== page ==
We're proud to share the full Feature and these amazing photos of Dan Garrison, Founder of Garrison Brothers Distillery, as published in Texas Works.
A Special Look Inside "Texas Works"
In December, 2013, we published Texas Works: Products & Portraits of Talent. In addition to producing original photos of nearly 100 outstanding product brands from across Texas, we also wrote special features about some of the hardworking entrepreneurs responsible for the products' success.
Below, you can read our Feature on Dan Garrison, founder and owner of Garrison Brothers Distillery, as it appears in Texas Works, as well as preview the original photos by Caleb Kerr.
Dan Garrison hasn't always been an artisan bourbon distiller. Marketing on Madison Avenue helped him earn his keep for a while until fate, or Dan, or the combination thereof, decided it no longer would. So Dan set out to do what hadn't been done since before Prohibition: establish a legal bourbon distillery in the State of Texas.
He bought some pretty ranch land in the barely-there town of Hye, just up the road from Johnson City, and built a stillhouse and barrel barns and all the other makings of a place where time is best measure by vintage, rather than year. It's a quiet place. A big rooster roams about, taking little steps. Rain water rests in aluminum casks, awaiting the day it'll cut the proof. Corn boils in this room, while sugars ferment over there. Vapors rise high to the top of the copper still. And in the barrel barn, bourbon whiskey silently matures in the dark confines of American White Oak Wood. All is quiet.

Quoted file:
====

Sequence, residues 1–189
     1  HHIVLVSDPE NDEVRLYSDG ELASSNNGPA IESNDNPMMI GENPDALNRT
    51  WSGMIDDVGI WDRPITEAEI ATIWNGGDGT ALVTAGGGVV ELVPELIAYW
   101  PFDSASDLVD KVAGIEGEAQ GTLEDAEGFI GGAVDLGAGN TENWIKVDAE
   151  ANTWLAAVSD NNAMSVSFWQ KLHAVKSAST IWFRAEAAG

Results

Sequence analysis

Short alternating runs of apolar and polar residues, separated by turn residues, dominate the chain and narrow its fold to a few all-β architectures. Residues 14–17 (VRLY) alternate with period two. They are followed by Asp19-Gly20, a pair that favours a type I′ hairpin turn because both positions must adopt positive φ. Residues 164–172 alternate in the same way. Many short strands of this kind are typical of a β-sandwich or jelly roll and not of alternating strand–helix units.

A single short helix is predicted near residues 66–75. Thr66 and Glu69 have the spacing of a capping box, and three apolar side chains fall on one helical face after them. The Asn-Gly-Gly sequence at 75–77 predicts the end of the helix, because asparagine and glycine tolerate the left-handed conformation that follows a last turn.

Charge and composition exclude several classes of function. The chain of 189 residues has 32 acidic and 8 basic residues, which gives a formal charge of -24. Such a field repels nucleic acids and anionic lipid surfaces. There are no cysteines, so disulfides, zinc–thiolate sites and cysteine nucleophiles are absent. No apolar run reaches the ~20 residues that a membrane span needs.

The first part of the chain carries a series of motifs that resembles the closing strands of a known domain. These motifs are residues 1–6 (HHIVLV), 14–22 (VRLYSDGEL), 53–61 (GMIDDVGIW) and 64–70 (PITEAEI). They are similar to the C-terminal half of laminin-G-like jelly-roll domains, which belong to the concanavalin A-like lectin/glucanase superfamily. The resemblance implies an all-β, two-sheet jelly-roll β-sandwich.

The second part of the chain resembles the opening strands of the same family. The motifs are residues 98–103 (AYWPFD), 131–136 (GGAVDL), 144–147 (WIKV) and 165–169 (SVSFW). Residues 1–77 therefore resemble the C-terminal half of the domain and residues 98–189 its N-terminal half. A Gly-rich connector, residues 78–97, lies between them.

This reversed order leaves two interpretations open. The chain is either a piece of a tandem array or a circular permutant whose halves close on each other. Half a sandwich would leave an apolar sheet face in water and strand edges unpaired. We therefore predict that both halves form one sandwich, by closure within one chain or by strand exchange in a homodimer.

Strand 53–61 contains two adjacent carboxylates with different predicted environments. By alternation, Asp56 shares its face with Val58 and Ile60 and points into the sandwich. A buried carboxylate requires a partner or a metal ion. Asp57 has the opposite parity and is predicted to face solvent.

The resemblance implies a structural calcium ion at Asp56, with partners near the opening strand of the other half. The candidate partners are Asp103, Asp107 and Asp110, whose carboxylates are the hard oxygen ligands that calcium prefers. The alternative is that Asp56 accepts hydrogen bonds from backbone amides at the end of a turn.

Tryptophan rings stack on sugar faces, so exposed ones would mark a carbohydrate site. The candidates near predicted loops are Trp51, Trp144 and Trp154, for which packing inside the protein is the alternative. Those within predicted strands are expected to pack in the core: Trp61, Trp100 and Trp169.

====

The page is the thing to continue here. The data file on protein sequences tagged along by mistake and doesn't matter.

Except on bottling days. Those are festive and productive events at Garrison Brothers Distillery, as dozens of volunteers stand side by side at banquet-long tables, dipping the caps of new vintage bourbon bottles into hot black wax. Merle Haggard plays in the background, competing with the harmony of chatter and chuckles, and inquiries of When does the BBQ lunch arrive? Newly sealed bottles are passed to the head of the table, where Dan Garrison stands and personally signs each one. Before doing so, however, he holds the bottle up to the light, inspecting it one last time for imperfections.
If the light could somehow show its perfections, instead, he'd see hand-selected, hand-ground organic Texas corn, wheat, and barley. Distillate selected by nose and taste. Natural butterscotch and caramel flavors and coloring resulting from the Texas heat, passing the bourbon in and out of the barrel's charred inner walls. He'd see ninety-four proof, with the smoothness of a forty-nine. He'd see a product that is authentically Texas.